Every student has a story. For international students coming to the United States for their education means crossing oceans, cultural boundaries and, in rare cases, having to tackle the challenge of communication with their peers and professors.
According to the Institute of International Education, a nonprofit, international students account for nearly four percent of the overall student population. In 2013, 819,644 international students were enrolled in American universities, this being the highest increase in four years.
As universities try to grow their student bases by sending agents across the world, the lure of an American education has only grown by leaps and bounds. Yet why is it that parents are willing to send their children across the world to pay exponentially higher tuition bills when, in most cases there are universities in most cases that would suit their needs?
For Akshit Garg, a senior and Business Administration major and citizen of India, the experience of being abroad is the reason. “Kids want to explore more opportunities in other countries,” he said.
The transition was smoother than other students might expect. Having attended the Punjab Public School in India, students were instructed to speak only in English, so the boundary of language wasn’t a big hurdle. “After the first year, there wasn’t much of a difference,” Garg said.
That’s not to say that there haven’t been challenges to overcome. Sometimes for international students, it’s the simple things American students take for granted that can become everyday hurdles.
Going to the Registry of Motor Vehicles was an issue for Garg. “I went to the RMV. The guy wouldn’t give me a license because of my visa. They were asking me too many questions,” he said.
Yet for Garg there is something in the cultural makeup of American society that is very attractive. He commented on what he observed as a special kind of work ethic. “That’s what I like about U.S. culture; you have to work hard,” he said.
One can easily wonder about the expectations of international students from their parents. With a family business waiting for him back in India, he stressed that, in the end, his parents want him to be happy. With this in mind, he is unsure whether or not he will be returning to India but wants to take advantage of the study abroad experience he was fortunate enough to undertake.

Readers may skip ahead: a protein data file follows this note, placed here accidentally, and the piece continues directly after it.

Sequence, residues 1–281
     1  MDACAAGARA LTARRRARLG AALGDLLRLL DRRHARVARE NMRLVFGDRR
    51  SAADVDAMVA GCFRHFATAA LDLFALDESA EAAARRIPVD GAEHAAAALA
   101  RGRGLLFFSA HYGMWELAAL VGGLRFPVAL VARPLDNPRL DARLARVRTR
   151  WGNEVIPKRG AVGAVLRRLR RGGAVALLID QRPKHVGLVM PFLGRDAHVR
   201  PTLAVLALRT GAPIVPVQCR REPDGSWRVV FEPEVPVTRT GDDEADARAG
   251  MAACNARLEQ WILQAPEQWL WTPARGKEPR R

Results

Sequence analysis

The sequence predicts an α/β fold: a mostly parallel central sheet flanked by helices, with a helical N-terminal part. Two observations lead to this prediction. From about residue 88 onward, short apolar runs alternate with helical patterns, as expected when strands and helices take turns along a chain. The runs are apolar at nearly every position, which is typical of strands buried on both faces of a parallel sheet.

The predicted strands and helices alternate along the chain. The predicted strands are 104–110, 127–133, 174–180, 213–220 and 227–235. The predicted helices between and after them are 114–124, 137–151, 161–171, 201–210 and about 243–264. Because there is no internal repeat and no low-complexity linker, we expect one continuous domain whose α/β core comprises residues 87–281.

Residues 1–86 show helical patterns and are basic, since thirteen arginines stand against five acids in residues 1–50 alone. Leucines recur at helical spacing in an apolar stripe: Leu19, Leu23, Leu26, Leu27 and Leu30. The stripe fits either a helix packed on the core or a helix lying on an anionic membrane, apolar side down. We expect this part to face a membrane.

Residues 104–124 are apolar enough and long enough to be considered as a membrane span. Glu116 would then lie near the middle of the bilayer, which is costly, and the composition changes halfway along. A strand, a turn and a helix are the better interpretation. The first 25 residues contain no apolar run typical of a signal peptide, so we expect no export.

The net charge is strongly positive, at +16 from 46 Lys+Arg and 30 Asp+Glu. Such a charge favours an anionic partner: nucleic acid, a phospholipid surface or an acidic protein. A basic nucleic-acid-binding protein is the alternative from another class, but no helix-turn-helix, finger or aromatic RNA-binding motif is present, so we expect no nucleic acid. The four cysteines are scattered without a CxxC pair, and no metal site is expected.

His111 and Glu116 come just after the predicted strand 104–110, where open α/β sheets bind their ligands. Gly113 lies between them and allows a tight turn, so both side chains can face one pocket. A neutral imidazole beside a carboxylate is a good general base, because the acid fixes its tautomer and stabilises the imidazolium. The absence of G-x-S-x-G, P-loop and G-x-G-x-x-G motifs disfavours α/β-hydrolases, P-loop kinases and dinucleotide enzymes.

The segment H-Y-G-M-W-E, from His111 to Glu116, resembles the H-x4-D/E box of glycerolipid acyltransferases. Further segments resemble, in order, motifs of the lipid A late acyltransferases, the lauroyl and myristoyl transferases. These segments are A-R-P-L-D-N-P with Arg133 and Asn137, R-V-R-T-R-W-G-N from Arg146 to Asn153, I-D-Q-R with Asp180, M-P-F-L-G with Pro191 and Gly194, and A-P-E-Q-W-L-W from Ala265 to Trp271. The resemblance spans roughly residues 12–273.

Some international students have altogether different experiences. Saad Altaf, a medical engineering and computer science double-major and sophomore from Pakistan, the American cultural landscape leaves something to desire.
“Americans live to work, whereas back home we work to live,” Altaf said. Back in his home country, according to Altaf, “Work is a tool to get what you need.
Having come from Pakistan in the fall of 2012, the paranoia as a result of the Boston Marathon Bombings still hung in the air. “I came in the wrong time in Boston,” Altaf said.
Before coming to UMass Lowell, Altaf had a scholarship to study at New York University in New York City. While riding a bus heading to a school tour, he was pulled off and subjected to investigation because he was not a citizen. Carrying the I-94 form that certifies his legal entrance into the United States is something that he must think about.
Though Altaf observed that diversity has been an issue, he said, “This year is the first I’ve seen [UMass Lowell] grow in diversity.
Being a follower of Islam, Altaf found an inviting landscape, attending the weekly Friday prayer sessions with the Muslim Student Association. “That hasn’t been a problem at all,” he said.
In the end, Altaf knows he will return to Pakistan. For him, the education he is able to obtain in the United States will allow him to make a difference in his home country. “Our country is in a bit of a turmoil,” he said.